We are independent & ad-supported. We may earn a commission for purchases made through our links.
Advertiser Disclosure
Our website is an independent, advertising-supported platform. We provide our content free of charge to our readers, and to keep it that way, we rely on revenue generated through advertisements and affiliate partnerships. This means that when you click on certain links on our site and make a purchase, we may earn a commission. Learn more.
How We Make Money
We sustain our operations through affiliate commissions and advertising. If you click on an affiliate link and make a purchase, we may receive a commission from the merchant at no additional cost to you. We also display advertisements on our website, which help generate revenue to support our work and keep our content free for readers. Our editorial team operates independently of our advertising and affiliate partnerships to ensure that our content remains unbiased and focused on providing you with the best information and recommendations based on thorough research and honest evaluations. To remain transparent, we’ve provided a list of our current affiliate partners here.

What does a Biotechnology Technician do?

By T. L. Childree
Updated Mar 02, 2024
Our promise to you
Practical Adult Insights is dedicated to creating trustworthy, high-quality content that always prioritizes transparency, integrity, and inclusivity above all else. Our ensure that our content creation and review process includes rigorous fact-checking, evidence-based, and continual updates to ensure accuracy and reliability.

Our Promise to you

Founded in 2002, our company has been a trusted resource for readers seeking informative and engaging content. Our dedication to quality remains unwavering—and will never change. We follow a strict editorial policy, ensuring that our content is authored by highly qualified professionals and edited by subject matter experts. This guarantees that everything we publish is objective, accurate, and trustworthy.

Over the years, we've refined our approach to cover a wide range of topics, providing readers with reliable and practical advice to enhance their knowledge and skills. That's why millions of readers turn to us each year. Join us in celebrating the joy of learning, guided by standards you can trust.

Editorial Standards

At Practical Adult Insights, we are committed to creating content that you can trust. Our editorial process is designed to ensure that every piece of content we publish is accurate, reliable, and informative.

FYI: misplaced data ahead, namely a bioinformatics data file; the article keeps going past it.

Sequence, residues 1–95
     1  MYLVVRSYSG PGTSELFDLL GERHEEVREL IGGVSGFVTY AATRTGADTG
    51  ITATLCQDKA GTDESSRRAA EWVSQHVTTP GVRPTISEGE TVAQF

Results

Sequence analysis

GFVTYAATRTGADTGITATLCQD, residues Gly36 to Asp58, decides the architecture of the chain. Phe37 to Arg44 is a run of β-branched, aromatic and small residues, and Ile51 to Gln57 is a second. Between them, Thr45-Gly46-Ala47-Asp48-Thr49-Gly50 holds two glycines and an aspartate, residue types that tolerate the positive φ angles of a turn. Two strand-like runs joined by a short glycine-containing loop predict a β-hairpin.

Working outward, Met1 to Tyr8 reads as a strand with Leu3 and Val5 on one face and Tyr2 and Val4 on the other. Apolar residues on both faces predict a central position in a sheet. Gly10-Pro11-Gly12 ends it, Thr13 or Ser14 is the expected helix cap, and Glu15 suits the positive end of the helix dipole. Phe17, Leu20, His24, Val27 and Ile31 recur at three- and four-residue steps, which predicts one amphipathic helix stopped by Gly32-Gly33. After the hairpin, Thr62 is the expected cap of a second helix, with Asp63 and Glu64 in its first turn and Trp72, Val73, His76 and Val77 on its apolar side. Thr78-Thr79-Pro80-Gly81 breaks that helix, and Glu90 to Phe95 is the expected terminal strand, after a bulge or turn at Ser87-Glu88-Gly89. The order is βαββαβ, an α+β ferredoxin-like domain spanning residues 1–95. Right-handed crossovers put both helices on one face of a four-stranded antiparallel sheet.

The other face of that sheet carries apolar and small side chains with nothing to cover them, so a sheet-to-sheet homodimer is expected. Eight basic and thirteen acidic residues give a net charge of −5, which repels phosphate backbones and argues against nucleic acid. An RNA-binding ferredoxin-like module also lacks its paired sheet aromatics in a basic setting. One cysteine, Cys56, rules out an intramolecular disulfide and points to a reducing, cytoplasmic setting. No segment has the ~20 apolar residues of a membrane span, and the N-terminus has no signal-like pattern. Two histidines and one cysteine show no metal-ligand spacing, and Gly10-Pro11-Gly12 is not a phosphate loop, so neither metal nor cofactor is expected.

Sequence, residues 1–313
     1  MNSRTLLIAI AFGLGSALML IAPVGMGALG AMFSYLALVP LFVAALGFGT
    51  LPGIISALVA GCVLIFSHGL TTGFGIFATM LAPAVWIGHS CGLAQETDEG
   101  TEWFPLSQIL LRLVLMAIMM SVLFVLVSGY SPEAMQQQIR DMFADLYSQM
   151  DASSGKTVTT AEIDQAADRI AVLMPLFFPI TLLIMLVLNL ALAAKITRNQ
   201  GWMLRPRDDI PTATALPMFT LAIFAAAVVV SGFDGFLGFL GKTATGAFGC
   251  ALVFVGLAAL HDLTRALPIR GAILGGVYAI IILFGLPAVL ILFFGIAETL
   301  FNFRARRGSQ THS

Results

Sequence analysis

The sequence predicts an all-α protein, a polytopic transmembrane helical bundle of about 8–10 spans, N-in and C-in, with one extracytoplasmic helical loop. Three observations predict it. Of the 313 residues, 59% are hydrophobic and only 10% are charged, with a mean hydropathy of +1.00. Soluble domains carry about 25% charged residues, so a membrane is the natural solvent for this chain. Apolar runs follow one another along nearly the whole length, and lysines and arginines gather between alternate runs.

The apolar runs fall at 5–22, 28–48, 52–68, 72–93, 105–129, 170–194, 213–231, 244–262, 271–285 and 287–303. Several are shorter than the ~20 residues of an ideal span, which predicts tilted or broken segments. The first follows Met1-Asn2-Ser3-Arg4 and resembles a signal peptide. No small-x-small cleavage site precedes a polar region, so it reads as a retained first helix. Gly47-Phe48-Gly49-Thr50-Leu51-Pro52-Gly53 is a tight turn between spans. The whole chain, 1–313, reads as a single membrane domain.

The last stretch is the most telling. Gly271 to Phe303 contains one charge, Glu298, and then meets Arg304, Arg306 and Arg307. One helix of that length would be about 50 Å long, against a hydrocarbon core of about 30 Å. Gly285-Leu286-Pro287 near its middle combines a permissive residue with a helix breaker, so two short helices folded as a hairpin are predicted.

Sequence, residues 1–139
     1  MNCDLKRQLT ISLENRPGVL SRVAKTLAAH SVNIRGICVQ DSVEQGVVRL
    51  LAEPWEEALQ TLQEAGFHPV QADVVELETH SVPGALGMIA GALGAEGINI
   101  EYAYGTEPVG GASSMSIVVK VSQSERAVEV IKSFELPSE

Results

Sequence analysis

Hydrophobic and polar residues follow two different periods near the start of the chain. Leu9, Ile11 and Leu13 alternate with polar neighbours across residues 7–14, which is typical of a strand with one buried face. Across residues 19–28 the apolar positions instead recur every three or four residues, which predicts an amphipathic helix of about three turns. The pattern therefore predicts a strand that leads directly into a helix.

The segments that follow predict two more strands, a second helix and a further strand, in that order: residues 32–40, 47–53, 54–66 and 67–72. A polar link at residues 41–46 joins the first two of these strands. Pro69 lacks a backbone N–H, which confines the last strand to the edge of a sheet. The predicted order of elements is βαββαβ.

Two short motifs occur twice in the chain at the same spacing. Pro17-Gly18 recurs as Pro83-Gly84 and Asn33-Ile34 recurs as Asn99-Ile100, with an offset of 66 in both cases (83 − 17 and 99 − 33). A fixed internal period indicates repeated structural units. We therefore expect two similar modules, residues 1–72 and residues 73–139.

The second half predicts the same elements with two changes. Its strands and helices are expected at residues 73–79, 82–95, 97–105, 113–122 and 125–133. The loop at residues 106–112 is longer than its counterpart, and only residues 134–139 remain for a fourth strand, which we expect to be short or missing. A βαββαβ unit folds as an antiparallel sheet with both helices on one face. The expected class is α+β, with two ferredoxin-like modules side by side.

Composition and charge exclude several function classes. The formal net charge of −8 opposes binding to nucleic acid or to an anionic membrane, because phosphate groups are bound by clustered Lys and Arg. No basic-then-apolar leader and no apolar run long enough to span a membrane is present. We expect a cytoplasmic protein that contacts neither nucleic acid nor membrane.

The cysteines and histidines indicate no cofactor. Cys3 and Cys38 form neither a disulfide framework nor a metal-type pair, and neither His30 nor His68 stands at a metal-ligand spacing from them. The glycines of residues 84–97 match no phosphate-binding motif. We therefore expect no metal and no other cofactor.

Our team of experienced writers and editors follows a strict set of guidelines to ensure the highest quality content. We conduct thorough research, fact-check all information, and rely on credible sources to back up our claims. Our content is reviewed by subject-matter experts to ensure accuracy and clarity.

We believe in transparency and maintain editorial independence from our advertisers. Our team does not receive direct compensation from advertisers, allowing us to create unbiased content that prioritizes your interests.

A biotechnology technician is a person who typically works in a laboratory assisting scientists in the research, development, and testing of various forms of biotechnology. Although a technician’s specific duties may vary, they are usually responsible for setting up the lab, trouble-shooting equipment problems, and preparing solutions for scientific tests. Technicians may also perform simple scientific procedures and collect and record the data from these procedures. These technicians may work in many different areas of biotechnology and have a variety of job titles such as agricultural and food science technician, biological technician, or chemical technician, A biotechnology technician may also be employed as an environmental science technician or a forensic science technician.

A biotechnology technician working in the area of agricultural and food science is usually involved in many kinds of animal, fiber, or food research. These technicians typically conduct experiments and other tests in order to improve the quality and yield of various crops. They also assist scientists in experiments to increase resistance to insects and diseases in certain kinds of plants and animals. Some technicians may be used to breed different types of animals for nutrition experiments. Agricultural technicians are also responsible for analyzing, recording, and compiling test results, as well as cleaning and sterilizing laboratory equipment.